Tag Archives: religion

I Started Early – Took My Dog, by Emily Dickinson

I have recently subscribed to the Poetry Foundation’s Audio Poem of the Day. The poem for Monday 6 July is Emily Dickinson’s “I Started Early – Took My Dog”, https://www.poetryfoundation.org/podcasts/75386/i-started-early-took-my-dog-656.

To me, Dickinson’s poem is full of erotic imagery:

“But no Man moved Me – till the Tide
Went past my simple Shoe –
And past my Apron – and my Belt
And past my Boddice – too –

And made as He would eat me up –
As wholly as a Dew
Opon a Dandelion’s Sleeve –
And then – I started – too –

And He – He followed – close behind –
I felt His Silver Heel
Opon my Ancle – Then My Shoes
Would overflow with Pearl –

Until We met the Solid Town –
No One He seemed to know –
And bowing – with a Mighty look –
At me – The Sea withdrew –”.

The above could be read as a description of the sexual act. In particular the poem’s ending, “the sea withdrew” does, I think need no further comment from me.

Dickinson was a deeply religious lady. Yet religion and the erotic are not mutually exclusive. But perhaps my interpretation is wrong, and the poem is what it says it is, a description of a woman’s trip (real or imagined) to the sea, and how the tide nearly overwhelmed her.

I would, as always be interested in the views of my readers.

There Are No Gods

There are no gods.
Men are but sods
In the end
My friend.

Yet we strive
To stay alive.
And some pretend
That there are gods.
But we are sods
In the end
My friend.

Though, the poet’s work may survive
Long after his eyes
Have closed.
And, who knows,
Perchance he may find, at his end
That we are more than mere
Sods.

Yet I fear
That there are no gods.
And we are but sods
In the end
My friend.

A Humorous Reimagining of Church of England Services in the Light of the Corana Virus/Covid-19

A humorous reimagining of Church of England services in the light of the Corana Virus/COVID-19, https://www.salisburyreview.com/blog/certain-amendments-to-the-liturgy-and-hymnody-of-the-church-of-england-for-the-duration-of-the-present-emergency/.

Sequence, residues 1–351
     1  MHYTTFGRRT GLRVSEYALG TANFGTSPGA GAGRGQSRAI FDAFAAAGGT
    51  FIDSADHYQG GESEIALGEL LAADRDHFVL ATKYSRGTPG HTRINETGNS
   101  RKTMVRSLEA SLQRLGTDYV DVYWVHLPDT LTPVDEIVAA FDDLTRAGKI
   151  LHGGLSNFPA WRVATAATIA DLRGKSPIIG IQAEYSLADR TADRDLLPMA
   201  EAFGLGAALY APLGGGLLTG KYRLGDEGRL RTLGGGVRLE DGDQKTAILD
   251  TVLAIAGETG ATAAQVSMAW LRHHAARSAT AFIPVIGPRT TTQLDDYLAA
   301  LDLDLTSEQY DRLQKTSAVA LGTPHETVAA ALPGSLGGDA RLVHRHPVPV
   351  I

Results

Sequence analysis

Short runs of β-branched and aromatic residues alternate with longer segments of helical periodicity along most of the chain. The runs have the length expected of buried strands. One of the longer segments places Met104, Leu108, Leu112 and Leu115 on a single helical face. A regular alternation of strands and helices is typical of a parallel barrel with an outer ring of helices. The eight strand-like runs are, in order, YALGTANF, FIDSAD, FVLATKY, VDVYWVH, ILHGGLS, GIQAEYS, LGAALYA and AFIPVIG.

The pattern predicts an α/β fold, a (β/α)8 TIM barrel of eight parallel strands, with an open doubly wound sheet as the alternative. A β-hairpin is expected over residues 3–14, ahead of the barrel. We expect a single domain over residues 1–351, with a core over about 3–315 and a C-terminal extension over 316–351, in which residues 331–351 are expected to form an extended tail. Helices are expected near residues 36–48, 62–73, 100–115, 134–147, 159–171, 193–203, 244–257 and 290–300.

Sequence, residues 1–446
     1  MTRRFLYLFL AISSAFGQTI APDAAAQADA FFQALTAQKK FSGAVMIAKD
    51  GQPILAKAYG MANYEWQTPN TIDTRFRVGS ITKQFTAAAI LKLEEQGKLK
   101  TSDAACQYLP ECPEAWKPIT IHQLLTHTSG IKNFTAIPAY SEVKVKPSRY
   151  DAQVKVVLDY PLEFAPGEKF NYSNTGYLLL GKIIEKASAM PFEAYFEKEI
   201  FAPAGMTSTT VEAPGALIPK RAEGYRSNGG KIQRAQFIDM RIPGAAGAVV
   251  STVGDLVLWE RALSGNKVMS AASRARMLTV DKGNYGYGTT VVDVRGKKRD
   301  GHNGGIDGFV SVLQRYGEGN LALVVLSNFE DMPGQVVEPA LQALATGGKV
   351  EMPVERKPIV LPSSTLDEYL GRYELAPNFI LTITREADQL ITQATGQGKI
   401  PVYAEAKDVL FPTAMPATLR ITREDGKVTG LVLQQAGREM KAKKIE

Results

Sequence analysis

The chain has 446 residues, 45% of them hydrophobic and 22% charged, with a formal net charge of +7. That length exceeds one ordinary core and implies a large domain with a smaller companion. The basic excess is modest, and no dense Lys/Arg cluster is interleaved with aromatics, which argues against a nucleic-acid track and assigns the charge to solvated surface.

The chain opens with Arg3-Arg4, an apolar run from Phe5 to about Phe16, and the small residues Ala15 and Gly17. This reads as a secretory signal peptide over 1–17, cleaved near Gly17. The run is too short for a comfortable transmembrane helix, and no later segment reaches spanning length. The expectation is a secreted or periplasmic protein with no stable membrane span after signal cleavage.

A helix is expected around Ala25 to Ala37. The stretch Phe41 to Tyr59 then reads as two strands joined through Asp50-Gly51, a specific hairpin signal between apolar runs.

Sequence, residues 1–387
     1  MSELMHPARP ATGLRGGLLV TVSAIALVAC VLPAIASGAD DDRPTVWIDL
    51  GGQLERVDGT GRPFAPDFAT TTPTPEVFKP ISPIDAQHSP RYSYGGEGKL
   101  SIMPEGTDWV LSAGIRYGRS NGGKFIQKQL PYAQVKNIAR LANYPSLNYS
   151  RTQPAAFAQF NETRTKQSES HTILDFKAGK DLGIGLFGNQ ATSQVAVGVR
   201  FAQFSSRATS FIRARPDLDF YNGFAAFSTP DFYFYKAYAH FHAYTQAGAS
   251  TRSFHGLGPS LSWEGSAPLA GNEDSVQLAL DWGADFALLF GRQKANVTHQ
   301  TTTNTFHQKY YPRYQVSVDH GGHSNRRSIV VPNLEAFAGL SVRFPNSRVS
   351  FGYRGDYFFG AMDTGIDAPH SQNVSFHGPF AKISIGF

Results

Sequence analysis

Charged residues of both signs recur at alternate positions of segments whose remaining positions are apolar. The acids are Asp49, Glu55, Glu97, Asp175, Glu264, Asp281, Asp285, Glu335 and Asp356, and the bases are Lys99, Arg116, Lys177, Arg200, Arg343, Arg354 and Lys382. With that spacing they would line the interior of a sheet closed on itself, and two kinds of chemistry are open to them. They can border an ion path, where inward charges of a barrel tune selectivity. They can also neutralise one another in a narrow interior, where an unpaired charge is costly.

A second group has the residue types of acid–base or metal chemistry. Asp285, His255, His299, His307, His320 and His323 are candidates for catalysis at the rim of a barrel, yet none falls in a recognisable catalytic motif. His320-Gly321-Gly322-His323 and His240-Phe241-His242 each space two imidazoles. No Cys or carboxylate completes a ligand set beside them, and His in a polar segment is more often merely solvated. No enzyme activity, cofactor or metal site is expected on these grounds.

Strolling Through the Graveyard in Early April

Strolling through the graveyard in early April,
I enjoy the warm sunshine.
I am not sure of the divine.
Still,
A man may take pleasure
Whilst not knowing whether
Mother Nature, or the Creator
Causes the sun to shine.

Both are divine.
And a minuscule
Virus does wait,
Unseen by the eyes,
To seal the fate
Of the fool
And the wise,
For it does not discriminate.

Eternity

Some find
In the arms
Of that ancient profession
A kind
Of passing peace.
But a girl’s charms
Fade, and many a confession
Is made
By those who still believe, to the priest.
Though, in modernity, eternity
Is feared, by those who think
On dust
And such
As a never ending drink
From the waters of Lethe
Where men find
Peace
From the world’s call,
And all
Thought
Is reduced to nought,
In Hades where there
Is no hot
Fire, and desire
Is forgot
In an eternal, dreamless dream,
And Satan’s grin, is never seen.

For the song

When The Clock Does Stop

When the clock
Does stop,
You can wind
It again.
But when
The brain,
(Some say mind)
Ceases to be,
What shall become
Of you and me?
For there is no sun
To see,
And we,
Can not rewind.

I Take Offense!

Recently, I attended an event which began with a choir performing several songs. Later on that same day, I learned that a number of attendees had been offended by the irreligious nature of several of the songs and where minded to complain to the organiser of the event.